2. This is a very great article. As a beginner to weight lifting and “meal planning” (for myself/family), I can tell you I appreciate the meal plans given to me by trainers, websites, etc.

    But, I’m not the average n00b. I actually understand how the body works and know how to substitute. I just like not having to think about meal composition. When I started *dieting,* I would use the SouthBeach Diet and create meals based on what was in that meal plan; then when I went gluten free, I started using meal plans from the Type O diet plan in Eating Right 4 Your Type. Now, I’m switching to Paleo/Primal, but I’ve also started weight lifting, so I’m having difficulty coming up with foods to eat to hit my macros.

    I think in the very beginning stages, meal plans are good to help a person establish a pattern or gain an understanding of what types of foods they’re looking to consume for fuel. I’m slightly confused by my current “target goals” for the macros and calories, but I’m happily researching whilst trying to hit them (I never eat enough, it seems). Thank you for this article. I really wish more trainers were like you, sir.

    • Glad you found this article useful. I’d highly recommend not going the paleo route for more reasons than one, but mainly because you’re training, and our bodies need sugar for fuel. We didn’t evolve to rely on fat all the time.

  3. I don’t even know what a meal plan is… but it does sound stupid! For weight loss situations I like providing the daily caloric intake, RMR, and macro percentages. Then I have them use a smart phone app to track food for a week. It’s just the resulting awareness that’s more valuable than anything.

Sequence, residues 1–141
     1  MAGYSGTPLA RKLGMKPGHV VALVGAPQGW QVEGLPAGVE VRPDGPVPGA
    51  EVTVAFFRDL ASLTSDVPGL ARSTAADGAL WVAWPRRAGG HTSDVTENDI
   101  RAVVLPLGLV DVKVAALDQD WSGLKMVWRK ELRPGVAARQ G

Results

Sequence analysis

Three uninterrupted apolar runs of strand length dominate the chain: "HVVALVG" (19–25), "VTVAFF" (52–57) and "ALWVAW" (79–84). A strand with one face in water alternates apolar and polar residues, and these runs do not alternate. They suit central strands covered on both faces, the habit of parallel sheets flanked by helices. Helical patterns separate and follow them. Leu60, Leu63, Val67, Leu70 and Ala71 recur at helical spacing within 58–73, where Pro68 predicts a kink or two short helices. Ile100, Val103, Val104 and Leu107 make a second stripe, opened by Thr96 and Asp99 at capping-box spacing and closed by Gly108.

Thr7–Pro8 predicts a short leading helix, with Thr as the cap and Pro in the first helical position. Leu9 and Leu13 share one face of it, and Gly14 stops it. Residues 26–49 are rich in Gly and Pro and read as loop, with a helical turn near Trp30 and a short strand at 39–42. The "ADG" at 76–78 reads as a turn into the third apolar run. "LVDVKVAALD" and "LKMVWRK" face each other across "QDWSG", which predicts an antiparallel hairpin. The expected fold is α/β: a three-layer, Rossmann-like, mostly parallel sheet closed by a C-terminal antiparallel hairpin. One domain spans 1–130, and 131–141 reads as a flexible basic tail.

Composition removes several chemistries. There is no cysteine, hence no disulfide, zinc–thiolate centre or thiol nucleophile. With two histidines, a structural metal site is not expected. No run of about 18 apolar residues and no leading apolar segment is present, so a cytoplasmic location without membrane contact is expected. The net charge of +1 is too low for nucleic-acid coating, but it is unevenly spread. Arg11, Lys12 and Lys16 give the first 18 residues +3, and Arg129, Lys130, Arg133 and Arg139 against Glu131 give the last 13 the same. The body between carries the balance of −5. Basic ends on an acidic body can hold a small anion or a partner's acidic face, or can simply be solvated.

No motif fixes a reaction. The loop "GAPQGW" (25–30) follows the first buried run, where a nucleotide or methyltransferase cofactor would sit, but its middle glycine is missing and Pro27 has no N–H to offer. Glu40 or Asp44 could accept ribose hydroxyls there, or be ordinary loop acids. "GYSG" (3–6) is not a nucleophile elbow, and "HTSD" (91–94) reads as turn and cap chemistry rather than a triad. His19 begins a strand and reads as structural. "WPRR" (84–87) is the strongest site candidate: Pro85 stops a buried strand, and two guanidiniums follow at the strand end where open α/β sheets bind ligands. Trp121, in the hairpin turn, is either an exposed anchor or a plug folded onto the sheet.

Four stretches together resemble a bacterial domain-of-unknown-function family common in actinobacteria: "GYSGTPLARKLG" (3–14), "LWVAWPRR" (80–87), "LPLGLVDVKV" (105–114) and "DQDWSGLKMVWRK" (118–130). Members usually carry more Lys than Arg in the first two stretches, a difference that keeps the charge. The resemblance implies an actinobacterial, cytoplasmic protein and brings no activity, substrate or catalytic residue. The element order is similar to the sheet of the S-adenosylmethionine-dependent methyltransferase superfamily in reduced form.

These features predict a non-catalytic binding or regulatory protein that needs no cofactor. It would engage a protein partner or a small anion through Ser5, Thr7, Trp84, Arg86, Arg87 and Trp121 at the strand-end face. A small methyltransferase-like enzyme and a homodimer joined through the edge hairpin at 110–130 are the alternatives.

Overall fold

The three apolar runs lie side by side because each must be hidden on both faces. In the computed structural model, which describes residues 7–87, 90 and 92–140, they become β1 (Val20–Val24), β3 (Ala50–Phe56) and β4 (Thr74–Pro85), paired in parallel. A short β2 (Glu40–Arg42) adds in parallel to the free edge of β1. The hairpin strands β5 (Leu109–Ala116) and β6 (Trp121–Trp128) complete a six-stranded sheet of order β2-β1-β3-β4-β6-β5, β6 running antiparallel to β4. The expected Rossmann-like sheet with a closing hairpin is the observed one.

4. Great write-up bro – it’s amazing how many people in the fitness world become truly obsessive-compulsive about nutrition because “it’s on the paper”.

    That’s exactly the reason I competed once… and never again. Just opened my eyes to the reality of how a lot of people get in this rigid meal plan routine and a) never actually enjoy their food and b) even after they’re done competing or hitting their goal, they hold on to their bad habits and emotions surrounding food.

  5. Good stuff, JC! I’ve wanted to write a blog post like this myself. The most popular fitness website in Estonia has page where people can order meal plans from personal trainers they like. Some personal trainers go as far as saying that you have to change a meal plan every two weeks or else you won’t achieve your results. Every single detail counts. Surely, they want the money.

    But can’t eating be even more simple? Like not counting much of anything? Not making eating mathematical at all? Have you thought about that?

    • well sure. my eating patterns are not mathmatical at all since I don’t count calories anymore. However, you can’t tell a beginner this because they haven’t a clue, usually, about how much they’re actually consuming.

  6. Great post man and I completely agree. The RD I work with gives me examples, but also breaks down what components of macros each meal should have and exact foods. As you points out- the biggest problem is telling people what to eat without telling them why. “Eat fish for dinner” is not acceptable, where as “fish is one item that can be a good protein source for your dinner” makes more sense.